- Hydrogen bromide
Colorless, smoking in moist air gas with a pungent odor
3.6452 kg · m 3 (0 ° C, 1013 hPa)
-86.9 ° C
-66.4 ° C
2.00 MPa ( 20 ° C)
Good in water ( 700 g · l-1 at 20 ° C)
0.8272 (3 ) D ( 2.76 · 10-30 C · m)
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Hydrogen bromide is a colorless gas, which forms in moist air fog, because the combination of bromine and hydrogen dissolves well in water, forming hydrobromic acid.
Hydrogen bromide may be represented by means of a substitution reaction. One example is the reaction of toluene with bromine. By heating or by light bromine reacts with the toluene, inter alia, to benzyl bromide and hydrogen bromide, whereby the liquid was brown, in advance, is decolorized.
Also from sodium bromide can be released. For this purpose, concentrated phosphoric acid is added dropwise at a slightly elevated temperature on the solid.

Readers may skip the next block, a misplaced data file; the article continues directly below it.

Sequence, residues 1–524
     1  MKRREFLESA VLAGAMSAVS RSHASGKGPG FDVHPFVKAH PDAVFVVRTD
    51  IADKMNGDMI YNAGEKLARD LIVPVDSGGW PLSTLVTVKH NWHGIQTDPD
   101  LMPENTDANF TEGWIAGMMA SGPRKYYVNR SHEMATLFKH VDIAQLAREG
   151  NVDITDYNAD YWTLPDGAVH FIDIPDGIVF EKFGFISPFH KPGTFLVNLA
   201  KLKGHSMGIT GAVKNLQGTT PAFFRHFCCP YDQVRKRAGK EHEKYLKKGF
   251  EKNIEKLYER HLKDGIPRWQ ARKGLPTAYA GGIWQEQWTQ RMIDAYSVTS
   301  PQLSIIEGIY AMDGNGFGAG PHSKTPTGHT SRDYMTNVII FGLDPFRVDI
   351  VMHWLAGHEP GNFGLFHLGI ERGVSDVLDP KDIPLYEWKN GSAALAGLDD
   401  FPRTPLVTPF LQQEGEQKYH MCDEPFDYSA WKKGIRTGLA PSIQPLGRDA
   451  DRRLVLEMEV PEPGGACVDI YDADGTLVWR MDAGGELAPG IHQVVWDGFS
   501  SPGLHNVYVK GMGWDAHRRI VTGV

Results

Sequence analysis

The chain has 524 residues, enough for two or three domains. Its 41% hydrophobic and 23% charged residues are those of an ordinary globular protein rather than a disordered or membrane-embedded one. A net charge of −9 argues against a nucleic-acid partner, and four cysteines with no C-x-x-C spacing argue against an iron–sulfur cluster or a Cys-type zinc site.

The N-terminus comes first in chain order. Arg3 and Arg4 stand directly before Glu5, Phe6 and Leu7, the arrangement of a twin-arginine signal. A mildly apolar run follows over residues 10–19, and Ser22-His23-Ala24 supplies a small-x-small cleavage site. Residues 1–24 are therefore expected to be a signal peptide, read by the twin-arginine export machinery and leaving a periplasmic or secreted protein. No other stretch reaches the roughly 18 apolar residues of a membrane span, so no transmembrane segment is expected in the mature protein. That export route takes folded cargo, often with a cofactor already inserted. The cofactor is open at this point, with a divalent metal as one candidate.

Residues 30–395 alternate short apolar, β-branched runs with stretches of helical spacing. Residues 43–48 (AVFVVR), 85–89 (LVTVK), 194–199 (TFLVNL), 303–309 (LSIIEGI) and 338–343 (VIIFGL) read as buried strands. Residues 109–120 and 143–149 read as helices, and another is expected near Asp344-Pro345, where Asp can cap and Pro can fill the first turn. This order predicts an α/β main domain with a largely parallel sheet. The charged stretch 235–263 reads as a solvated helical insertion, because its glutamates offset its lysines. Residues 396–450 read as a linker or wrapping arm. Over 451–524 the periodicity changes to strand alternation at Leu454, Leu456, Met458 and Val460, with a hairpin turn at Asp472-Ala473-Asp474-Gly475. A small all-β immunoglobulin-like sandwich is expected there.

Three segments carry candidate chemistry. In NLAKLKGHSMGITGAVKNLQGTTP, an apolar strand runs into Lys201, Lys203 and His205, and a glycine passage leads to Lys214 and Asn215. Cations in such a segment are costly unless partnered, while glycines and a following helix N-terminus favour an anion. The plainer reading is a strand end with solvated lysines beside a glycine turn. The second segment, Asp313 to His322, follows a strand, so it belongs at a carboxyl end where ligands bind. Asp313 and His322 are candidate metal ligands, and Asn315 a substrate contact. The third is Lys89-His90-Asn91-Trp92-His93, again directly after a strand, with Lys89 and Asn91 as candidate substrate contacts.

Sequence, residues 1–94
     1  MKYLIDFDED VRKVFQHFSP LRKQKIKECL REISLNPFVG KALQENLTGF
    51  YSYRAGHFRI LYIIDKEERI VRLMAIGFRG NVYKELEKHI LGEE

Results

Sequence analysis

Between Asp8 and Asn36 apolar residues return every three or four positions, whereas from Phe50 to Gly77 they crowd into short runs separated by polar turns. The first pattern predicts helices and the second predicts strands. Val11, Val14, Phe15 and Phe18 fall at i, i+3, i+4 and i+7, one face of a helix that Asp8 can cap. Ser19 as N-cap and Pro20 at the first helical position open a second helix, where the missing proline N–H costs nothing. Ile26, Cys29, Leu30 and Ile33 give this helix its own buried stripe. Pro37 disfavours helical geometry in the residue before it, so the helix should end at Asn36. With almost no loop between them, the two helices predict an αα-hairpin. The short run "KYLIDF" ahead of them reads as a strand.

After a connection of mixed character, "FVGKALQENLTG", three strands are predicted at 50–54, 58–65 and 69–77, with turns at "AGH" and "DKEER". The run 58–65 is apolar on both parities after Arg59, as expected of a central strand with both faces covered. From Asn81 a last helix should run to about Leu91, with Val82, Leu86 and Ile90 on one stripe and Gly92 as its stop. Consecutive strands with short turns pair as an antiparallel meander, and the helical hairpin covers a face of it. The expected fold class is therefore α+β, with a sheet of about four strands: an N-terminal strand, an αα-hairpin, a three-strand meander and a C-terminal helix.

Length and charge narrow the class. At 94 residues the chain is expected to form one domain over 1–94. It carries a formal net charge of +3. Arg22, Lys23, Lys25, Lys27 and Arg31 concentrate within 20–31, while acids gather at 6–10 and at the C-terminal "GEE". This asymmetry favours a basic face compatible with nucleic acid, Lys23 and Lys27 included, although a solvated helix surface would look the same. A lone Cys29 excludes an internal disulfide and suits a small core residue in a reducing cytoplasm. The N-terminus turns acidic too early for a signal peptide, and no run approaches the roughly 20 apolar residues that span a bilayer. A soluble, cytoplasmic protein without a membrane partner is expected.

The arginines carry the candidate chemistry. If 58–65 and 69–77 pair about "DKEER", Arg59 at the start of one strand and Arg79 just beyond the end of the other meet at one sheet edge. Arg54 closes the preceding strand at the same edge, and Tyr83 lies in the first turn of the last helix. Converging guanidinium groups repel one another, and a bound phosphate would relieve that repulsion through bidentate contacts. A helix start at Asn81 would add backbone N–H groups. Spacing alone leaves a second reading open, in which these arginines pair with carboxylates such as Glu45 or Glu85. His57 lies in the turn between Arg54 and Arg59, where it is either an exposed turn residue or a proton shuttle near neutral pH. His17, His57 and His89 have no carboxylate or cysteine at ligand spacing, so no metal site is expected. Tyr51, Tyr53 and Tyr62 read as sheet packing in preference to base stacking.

Alternatively, acetic acid can be used instead of phosphoric acid:
Reaction with water
If hydrogen bromide dissolved in water, dissociates the hydrogen bromide molecule are formed oxonium ion and bromide ion. Therefore, the pH - value decreases, the solution reacts as a strong acid.
Acid formation of hydrogen bromide gas in water is irritating and toxic to eyes and respiratory tract and in high concentration. However, (gas) poisoning is rare because it (see above) is usually used as an aqueous solution and rapidly forming fog after eventual outgassing. Complete combustion of brominated organic substances, besides hydrogen bromide and elemental bromine arise, which is much more toxic.